Back at school a few weeks ago, all the offices in the huge Admin building on campus had a big contest to see who could do the best job decorating the doors for the holidays.
There were lots of neat doors...most with some variation on butcher-paper snowmen or cutout snowflakes. But one group outstripped them all...the DFA tech support office.
Their office was big enough that they had two adjoining doors, which gave them a push, but the design itself was unmatched anyway. Each door was surrounded with sparkling garland and twinkling Christmas lights. Both doors were covered in wrapping paper. One door had a life-size snowman design made out of old CD's, while the other had a huge CD Christmas tree, from which hung an old keyboard with all the keys ripped out and replaced to spell "MERRY XMAS FROM DFA SUPPORT."
To top it off, each door in the Admin is unusually tall, and has a square window above it. DFA used old CD's to build platforms under under each window, and then ran wires under the window to feed two computer speakers sitting on the platforms above each door, blaring Christmas carols into the hall.
It was merry.
So, I went to one of those little gift trees in the Commons and picked a couple of tags for some toys for little kids. One of the tags read "a learning toy for a 6 month-old child," so I headed to KB toys in the mall.
The toy store had what amounted to one long aisle of toys for kids in that age range, so I set myself out to pick something.
Guess how many items out of that entire aisle were operable without batteries?
One was one of those plastic spindles with the colored rings you stack on it (I had one when I was little). The other, which I bought, was one of those plastic boxes with different-shaped cutouts in it, and matching blocks to be fitted to the cutouts. Both toys also had a battery-operated twin.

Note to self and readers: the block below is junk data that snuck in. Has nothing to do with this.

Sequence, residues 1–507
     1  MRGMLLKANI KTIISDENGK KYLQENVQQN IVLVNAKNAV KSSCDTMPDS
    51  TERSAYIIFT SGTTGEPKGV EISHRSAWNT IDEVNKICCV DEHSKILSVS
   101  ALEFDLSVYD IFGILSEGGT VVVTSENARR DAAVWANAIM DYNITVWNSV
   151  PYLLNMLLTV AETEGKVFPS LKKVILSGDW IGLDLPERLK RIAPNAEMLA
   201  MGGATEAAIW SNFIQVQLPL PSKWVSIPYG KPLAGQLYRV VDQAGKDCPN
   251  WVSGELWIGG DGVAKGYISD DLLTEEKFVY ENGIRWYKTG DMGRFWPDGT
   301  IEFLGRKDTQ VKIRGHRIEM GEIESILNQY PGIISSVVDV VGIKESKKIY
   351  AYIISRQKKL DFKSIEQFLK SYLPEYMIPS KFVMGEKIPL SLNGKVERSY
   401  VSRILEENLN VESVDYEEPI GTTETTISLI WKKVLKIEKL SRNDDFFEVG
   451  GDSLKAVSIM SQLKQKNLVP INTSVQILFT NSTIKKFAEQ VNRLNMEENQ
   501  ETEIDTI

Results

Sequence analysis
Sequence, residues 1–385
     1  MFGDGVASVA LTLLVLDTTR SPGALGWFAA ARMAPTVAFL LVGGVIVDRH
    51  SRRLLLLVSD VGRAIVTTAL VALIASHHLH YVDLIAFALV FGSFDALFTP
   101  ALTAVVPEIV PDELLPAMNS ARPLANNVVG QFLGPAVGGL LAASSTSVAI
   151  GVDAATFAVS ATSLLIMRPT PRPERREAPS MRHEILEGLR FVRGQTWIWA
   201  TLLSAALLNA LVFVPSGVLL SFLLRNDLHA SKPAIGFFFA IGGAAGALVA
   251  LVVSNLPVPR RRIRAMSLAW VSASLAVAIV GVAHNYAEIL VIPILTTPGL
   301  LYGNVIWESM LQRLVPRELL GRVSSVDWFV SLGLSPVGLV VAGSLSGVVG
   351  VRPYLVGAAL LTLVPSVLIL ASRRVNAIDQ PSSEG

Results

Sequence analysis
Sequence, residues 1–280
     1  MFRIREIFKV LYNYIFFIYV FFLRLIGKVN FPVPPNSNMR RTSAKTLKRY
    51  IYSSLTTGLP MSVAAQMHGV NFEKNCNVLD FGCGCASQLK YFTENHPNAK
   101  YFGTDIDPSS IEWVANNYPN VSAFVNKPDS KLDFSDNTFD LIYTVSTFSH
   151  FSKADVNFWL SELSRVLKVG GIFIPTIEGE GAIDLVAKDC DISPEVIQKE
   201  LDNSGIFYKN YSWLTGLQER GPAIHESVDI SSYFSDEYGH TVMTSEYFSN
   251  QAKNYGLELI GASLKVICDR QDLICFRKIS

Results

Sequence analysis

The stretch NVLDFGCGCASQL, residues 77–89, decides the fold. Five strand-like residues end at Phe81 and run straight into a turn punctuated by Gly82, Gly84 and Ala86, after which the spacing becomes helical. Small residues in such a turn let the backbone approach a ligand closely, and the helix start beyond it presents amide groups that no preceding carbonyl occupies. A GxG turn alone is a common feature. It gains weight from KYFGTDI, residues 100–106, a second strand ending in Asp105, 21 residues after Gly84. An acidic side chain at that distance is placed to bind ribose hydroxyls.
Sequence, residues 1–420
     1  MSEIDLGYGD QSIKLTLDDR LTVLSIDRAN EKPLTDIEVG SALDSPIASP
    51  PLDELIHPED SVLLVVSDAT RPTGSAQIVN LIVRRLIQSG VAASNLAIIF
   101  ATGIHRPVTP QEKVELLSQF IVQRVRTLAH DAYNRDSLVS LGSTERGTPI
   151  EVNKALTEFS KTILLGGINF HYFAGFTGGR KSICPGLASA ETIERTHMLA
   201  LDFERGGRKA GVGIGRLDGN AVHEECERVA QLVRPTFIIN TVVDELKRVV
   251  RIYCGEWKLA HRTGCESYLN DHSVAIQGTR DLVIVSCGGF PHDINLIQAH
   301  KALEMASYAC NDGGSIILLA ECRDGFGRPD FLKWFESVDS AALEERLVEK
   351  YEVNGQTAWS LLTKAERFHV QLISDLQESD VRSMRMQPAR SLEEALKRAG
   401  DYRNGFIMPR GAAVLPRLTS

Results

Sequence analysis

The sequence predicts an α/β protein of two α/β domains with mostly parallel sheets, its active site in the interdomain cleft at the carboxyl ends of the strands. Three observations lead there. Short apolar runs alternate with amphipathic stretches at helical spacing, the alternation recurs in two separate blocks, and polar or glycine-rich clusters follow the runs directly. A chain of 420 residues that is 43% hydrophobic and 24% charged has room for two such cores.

Of course, the whole aisle had long packages of batteries convieniently hanging from shelves and racks, and most of the packages had Duracell stamps and friendly reminders like "Don't forget the BATTERIES!"
A lot of these toys obviously required batteries to operate. But many others, like the two I just mentioned, were just normal, operable toys with batteries unnecessarily added to make the toys light up or make noise. Again, many were toys I recoginzed as battery-free from my childhood. Maybe this is more appealing to your kid, but wouldn't you get sick of that light and noise after a while? Isn't this a huge costly waste? Do you know what happens to batteries in landfills?
I probably sound like some old codger going on about how all I needed to be happy in my youth was a stick and a piece of string, but really, it wasn't that far off. Little kids love to play and they make their own fun with whatever they have. I don't know if it's necessarily true, but it seems that simpler toys might be more condusive towards building a better imagination, while kids with more active, mechanical toys will just let themselves be entertained. My mom babysits two little 5 year-olds, and one of them lives in a house utterly carpeted with toys like that. The other kid is happy playing by himself or going outside, but the kid with all the battery-operated toys hates going outside, doesn't play well by himself, and constantly bugs my mom because he's bored (we don't have many battery operated toys in our house, aside from the huge crate his mom brings over every day). I'm also scared about the sheer amount of STUFF these kids have. Talk about a healthy economy.
Am I making a big deal over nothing, or does anyone else think this is a little unfortunate? When I complained to the clerk at KB toys as I bought the box, he gave me an understanding laugh and told me he goes through $20 worth of batteries for his son's toys every week. Don't you see anything wrong with that? I wanted to demand.
If I ever become a parent, I'm seriously considering banning all battery-operated toys up to a certain age. I'm sure someone is going to knowingly laugh at me and tell me my opinions will change if I have kids, but I'm pretty serious and I don't think they will. I don't think these toys are necessary to raise happy, healthy children, like so many people seem to think. It's probably the usual explanation of loving our kids and wanting them to have everything, but I don'twant my (hypothetical) kids to have everything. I want them to be happy.
And as the old saying goes (I think it's old), the best things in life aren't things.